About Family Violence
Family Violence is now recognised to be a serious and widespread problem in our communities.Whatever form it takes, family violence is a fundamental violation of human rights and is unacceptable in any form, in any community and in any culture. It is everyone’s responsibility to reject and prevent violence.
While both women and men can be violent against their partners, the evidence overwhelmingly shows that most family violence is committed by men against women.
What is family violence?
Family violence includes a wide range of behaviours and actions that controls or dominates a partner or family member and causes them to fear for their own or another person’s safety or wellbeing.
It occurs when a family member intentionally uses violence, threats, coercion or intimidation to control or manipulate another family member, partner, or former partner. It happens in all kinds of family or intimate relationships and across all ages, communities and cultures. It may include:
- violence from one partner toward another partner, including same sex relationships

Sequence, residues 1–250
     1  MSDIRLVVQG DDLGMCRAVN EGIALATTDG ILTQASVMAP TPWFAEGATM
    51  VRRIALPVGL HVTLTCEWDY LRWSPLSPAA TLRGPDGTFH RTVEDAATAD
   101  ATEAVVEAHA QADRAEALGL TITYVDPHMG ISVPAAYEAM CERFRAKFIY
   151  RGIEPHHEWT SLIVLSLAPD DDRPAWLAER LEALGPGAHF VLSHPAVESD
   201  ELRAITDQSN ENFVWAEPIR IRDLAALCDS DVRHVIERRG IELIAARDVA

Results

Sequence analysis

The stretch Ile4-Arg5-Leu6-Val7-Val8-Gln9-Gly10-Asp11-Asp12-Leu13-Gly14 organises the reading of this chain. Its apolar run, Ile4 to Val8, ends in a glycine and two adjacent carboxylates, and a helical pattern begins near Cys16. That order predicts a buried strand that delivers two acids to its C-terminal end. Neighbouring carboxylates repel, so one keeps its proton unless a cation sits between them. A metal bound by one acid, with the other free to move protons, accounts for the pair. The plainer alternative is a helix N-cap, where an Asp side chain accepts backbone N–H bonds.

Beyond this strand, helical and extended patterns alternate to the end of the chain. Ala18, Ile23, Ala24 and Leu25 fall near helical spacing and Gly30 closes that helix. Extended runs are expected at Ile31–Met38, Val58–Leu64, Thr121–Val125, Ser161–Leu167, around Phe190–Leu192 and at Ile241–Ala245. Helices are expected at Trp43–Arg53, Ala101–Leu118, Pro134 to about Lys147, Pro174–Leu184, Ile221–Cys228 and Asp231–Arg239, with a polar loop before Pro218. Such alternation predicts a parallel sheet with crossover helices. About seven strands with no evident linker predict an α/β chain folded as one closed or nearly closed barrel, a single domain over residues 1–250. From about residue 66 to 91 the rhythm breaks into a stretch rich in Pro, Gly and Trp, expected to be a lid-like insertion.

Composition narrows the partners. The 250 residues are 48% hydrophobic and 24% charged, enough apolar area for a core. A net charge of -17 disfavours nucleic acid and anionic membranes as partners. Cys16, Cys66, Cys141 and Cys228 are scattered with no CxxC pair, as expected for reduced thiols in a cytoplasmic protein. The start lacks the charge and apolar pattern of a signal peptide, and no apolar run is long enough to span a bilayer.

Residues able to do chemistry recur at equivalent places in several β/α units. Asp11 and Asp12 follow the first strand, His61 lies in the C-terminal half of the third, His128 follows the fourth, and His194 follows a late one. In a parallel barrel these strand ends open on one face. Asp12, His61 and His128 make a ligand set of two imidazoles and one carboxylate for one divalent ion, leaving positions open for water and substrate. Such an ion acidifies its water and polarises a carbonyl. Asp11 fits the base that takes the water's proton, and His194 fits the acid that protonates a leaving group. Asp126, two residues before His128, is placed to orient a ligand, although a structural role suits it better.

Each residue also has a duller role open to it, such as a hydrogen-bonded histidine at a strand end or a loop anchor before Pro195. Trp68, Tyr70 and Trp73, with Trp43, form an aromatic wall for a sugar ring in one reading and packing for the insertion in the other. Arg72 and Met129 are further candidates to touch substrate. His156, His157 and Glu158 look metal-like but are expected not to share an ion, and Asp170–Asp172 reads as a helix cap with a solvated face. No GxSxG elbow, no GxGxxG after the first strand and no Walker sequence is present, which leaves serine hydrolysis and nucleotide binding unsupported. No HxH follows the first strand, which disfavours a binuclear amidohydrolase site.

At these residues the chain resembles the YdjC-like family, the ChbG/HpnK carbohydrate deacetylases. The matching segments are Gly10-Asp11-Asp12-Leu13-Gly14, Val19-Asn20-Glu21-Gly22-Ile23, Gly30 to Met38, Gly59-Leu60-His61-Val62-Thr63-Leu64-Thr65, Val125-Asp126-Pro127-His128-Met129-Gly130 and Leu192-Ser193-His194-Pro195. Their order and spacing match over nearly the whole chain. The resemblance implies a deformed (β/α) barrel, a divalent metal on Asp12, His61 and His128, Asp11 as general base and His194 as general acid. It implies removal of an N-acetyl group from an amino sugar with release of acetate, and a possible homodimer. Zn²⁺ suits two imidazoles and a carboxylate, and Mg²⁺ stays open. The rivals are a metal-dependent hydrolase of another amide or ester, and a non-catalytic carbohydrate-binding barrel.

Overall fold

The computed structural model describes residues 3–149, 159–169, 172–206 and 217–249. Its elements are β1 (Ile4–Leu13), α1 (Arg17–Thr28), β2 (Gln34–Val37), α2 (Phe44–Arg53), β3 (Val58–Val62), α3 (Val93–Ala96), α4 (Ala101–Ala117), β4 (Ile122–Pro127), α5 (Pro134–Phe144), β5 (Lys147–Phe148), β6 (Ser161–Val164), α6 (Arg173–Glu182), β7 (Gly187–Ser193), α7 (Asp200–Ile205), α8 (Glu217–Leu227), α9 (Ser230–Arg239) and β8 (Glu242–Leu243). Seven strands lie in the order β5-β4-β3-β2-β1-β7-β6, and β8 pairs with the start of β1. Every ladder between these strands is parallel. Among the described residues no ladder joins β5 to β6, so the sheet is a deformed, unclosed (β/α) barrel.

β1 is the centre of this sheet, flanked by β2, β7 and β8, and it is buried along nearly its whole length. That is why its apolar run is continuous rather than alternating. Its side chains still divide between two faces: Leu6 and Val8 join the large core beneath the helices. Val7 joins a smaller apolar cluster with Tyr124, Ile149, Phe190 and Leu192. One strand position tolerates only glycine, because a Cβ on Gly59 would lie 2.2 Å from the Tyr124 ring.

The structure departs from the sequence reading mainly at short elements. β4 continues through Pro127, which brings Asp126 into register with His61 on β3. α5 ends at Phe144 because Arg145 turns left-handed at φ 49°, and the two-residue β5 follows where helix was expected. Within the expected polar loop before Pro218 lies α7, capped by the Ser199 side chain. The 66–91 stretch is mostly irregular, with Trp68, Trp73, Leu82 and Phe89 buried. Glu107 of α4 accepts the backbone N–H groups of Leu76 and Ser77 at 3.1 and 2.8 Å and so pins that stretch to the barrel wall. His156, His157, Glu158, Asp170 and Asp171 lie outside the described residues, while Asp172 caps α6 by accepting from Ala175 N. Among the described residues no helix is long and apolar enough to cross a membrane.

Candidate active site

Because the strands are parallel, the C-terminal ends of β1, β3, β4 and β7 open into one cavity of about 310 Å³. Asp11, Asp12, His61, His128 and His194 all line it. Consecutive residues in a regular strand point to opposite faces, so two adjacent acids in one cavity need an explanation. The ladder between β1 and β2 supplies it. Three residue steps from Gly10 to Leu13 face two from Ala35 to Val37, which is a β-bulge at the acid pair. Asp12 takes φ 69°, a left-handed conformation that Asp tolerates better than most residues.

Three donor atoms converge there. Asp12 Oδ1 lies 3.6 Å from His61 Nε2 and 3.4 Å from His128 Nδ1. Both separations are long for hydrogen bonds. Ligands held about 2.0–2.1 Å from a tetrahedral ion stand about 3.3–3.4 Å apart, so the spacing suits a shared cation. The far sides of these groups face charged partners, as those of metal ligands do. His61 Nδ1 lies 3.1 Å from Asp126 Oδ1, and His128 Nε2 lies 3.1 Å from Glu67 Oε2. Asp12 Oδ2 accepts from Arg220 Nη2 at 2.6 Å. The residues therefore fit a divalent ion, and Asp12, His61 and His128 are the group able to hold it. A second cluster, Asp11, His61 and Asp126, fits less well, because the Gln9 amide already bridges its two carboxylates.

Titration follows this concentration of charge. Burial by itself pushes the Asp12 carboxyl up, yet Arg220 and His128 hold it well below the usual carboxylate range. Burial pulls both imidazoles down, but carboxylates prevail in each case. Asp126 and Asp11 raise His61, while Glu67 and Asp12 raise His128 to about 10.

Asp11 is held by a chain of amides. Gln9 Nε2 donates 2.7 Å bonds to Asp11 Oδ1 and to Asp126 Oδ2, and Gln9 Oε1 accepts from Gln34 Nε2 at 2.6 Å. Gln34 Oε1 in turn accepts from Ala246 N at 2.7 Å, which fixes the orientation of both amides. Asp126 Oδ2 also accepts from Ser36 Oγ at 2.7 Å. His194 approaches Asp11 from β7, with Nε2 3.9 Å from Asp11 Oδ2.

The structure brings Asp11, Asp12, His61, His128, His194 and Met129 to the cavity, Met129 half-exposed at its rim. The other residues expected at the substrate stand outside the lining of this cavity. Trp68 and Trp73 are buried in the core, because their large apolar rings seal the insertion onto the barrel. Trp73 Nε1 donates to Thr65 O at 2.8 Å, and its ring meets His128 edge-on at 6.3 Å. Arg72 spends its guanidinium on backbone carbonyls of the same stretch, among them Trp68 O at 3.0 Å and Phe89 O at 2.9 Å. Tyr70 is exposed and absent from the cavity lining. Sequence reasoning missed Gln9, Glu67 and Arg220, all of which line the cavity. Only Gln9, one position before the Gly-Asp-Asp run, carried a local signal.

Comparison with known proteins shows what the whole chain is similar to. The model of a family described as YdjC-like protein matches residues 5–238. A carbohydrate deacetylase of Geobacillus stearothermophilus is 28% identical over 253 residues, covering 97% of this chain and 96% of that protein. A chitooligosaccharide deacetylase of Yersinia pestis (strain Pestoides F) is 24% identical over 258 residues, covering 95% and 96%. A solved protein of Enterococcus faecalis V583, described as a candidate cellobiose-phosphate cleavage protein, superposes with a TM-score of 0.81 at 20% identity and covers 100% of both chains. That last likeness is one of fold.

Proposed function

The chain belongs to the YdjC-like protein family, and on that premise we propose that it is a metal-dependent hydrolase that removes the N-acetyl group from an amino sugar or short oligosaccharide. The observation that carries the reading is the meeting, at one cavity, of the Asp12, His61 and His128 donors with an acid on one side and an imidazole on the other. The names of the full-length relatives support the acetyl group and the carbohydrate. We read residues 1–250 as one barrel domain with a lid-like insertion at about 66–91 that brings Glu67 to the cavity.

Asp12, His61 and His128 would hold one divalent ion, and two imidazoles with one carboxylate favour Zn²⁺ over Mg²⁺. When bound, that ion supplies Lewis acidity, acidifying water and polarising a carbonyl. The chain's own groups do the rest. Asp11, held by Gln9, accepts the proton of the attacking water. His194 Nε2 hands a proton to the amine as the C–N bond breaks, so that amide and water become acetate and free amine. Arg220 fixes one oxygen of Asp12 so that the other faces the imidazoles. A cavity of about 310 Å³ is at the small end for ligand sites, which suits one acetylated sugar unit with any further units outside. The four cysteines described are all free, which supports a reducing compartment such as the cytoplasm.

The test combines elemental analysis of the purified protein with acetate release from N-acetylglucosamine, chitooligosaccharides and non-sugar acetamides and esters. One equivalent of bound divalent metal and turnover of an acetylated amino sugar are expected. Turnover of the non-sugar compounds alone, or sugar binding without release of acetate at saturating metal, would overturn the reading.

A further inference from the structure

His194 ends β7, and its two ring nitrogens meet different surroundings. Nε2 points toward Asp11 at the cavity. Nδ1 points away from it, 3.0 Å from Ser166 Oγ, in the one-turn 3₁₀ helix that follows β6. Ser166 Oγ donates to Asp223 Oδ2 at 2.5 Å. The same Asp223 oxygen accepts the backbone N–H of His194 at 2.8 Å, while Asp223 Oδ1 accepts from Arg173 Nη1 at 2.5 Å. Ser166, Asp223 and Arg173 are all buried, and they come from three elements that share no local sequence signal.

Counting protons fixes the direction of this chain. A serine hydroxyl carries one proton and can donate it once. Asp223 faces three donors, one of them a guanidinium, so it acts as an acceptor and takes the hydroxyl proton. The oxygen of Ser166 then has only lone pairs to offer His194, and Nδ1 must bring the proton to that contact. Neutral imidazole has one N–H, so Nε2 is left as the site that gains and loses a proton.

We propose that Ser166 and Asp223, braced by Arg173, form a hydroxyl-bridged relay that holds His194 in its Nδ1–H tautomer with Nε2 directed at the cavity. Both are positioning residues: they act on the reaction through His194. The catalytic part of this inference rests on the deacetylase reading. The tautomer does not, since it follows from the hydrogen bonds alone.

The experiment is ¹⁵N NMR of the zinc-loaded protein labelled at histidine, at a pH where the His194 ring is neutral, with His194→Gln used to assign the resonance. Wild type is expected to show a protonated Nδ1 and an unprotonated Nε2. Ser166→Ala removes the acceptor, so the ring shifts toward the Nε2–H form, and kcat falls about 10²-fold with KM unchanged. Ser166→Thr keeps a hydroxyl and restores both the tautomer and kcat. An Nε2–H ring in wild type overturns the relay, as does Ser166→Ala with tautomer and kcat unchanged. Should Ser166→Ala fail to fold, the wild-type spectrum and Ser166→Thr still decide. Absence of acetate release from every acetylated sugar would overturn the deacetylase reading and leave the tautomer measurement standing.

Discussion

- from an adult child toward an elderly parent
- from an adolescent to a parent
- from one sibling to another
- between extended family members
- and by those providing care in diverse home environments
Abuse can take many forms and includes:
- physical assault eg punching, hitting, kicking, pushing, slapping, choking
- sexual assault
- isolation from family, friends and/or social networks
- controlling access to money or how it is spent
- emotional and psychological abuse eg constant criticisms, name-calling, belittling and putdowns
- making all the decisions and controlling what she does
- preventing practising of cultural or spiritual beliefs
- making threats
- harming pets
- intentionally damaging property and belongings
- any behaviour that causes someone to live in fear